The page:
Let's not dwell too long on ITV's bottom-feeding begging show Fortune: Million Pound Giveaway, in which various rich people willing to sit in the same room as disgraced peer Jeffrey Archer (assiduously rehabilitating himself) watch a stream of delightful or dubious supplicants abase themselves.
The idea is to test the concept of a deserving cause to destruction by seeing who and what can wangle the most wedge from the wealthy. This being telly, however, it cannot resist descending into a freak show of the needy and seedy, although I have to say that penury never looks so attractive as when it is compared with the overtanned arrogance of the cash-unstrapped.
Far more interesting was Channel 4's The Secret Millionaire series, in which the self-made monied went undercover, slumming it for a couple of weeks on sink estates up and down the country, trying to find individuals and organisations deserving of a few bob.
They found many people of honour, dedication, patience, pride and honesty struggling to survive in tough conditions, and - ignoring the need for agitation and action to transform lives - rewarded a few, or the charities or groups they ran, with chunky cheques. There seemed here a telling echo of the debate about whether charity fundraisers are an obstacle to effective fundraising when there are knowledgeable front-line programme officers of passion and commitment.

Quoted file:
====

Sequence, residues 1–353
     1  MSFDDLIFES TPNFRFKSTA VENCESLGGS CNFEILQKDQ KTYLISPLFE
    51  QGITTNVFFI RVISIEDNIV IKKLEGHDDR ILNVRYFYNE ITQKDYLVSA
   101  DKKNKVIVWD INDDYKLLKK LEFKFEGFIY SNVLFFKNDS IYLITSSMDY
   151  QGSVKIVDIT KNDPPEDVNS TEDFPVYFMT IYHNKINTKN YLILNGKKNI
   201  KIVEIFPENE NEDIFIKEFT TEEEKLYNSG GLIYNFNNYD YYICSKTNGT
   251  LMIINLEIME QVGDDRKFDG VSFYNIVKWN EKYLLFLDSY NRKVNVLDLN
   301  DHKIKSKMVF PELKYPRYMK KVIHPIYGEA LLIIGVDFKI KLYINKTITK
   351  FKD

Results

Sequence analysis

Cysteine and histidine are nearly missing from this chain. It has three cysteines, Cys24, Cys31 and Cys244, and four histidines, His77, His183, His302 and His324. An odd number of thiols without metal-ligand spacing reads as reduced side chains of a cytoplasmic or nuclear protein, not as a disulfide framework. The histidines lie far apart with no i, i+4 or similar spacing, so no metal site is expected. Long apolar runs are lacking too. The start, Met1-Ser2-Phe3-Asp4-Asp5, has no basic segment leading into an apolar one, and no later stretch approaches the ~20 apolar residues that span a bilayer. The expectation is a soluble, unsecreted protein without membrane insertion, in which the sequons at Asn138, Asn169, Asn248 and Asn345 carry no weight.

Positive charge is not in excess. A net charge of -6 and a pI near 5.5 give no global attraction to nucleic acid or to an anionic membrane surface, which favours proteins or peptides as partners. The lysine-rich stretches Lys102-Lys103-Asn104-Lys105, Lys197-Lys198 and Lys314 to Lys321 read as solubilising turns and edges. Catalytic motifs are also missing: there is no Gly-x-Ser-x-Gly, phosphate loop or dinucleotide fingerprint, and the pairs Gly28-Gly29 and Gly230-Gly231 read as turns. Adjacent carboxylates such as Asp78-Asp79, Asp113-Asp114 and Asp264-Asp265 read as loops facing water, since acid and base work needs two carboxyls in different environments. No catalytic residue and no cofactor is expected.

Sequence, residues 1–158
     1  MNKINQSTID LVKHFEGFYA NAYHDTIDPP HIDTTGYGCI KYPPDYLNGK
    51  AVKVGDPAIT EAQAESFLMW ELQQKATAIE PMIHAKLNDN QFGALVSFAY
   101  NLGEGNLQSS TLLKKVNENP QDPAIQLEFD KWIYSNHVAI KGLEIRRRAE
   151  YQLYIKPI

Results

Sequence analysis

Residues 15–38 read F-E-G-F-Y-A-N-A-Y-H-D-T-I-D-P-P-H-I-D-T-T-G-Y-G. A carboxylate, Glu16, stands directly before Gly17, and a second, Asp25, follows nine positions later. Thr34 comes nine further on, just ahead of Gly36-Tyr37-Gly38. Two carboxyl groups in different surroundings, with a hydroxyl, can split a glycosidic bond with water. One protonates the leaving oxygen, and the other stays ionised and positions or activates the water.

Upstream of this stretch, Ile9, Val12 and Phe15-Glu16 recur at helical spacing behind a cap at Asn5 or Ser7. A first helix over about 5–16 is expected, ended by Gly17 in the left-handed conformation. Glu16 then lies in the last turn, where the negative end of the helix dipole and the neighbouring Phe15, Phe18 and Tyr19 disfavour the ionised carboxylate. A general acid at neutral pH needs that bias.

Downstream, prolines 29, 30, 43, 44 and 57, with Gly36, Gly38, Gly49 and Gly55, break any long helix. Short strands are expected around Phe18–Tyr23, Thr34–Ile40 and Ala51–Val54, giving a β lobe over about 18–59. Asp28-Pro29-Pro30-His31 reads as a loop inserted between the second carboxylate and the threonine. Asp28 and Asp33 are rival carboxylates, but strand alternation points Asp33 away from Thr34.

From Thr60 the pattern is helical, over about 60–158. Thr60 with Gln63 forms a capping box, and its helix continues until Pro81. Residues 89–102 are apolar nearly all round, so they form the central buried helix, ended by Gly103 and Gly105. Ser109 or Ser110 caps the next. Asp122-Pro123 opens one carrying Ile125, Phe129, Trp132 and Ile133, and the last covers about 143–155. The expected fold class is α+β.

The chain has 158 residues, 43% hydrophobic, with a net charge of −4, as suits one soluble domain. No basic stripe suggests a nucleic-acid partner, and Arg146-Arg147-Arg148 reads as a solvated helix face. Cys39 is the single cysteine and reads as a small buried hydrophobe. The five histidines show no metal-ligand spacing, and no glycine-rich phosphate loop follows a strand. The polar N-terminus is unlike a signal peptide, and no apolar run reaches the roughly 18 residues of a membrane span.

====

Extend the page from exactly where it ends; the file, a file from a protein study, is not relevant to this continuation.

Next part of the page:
For it was noticeable that the millionaires-in-mufti looked not for need or explanations, let alone the kind of cost-benefit analysis supposedly essential for venture philanthropists, but sought out community change-makers - the individuals making a difference, often at high personal cost.
They never asked why our political and economic system allows these pits of poverty and exclusion to continue, or appreciated how hard it is to escape from multi-generational deprivation and despair. They lacked insight or analysis, and cash was their selective solution to symptoms, not causes.
Of course, charities have no such excuses. Anyway, surely Balzac was wrong; should it not be that behind all poverty there is a crime?
Nick Cater is a consultant and writer. firstname.lastname@example.org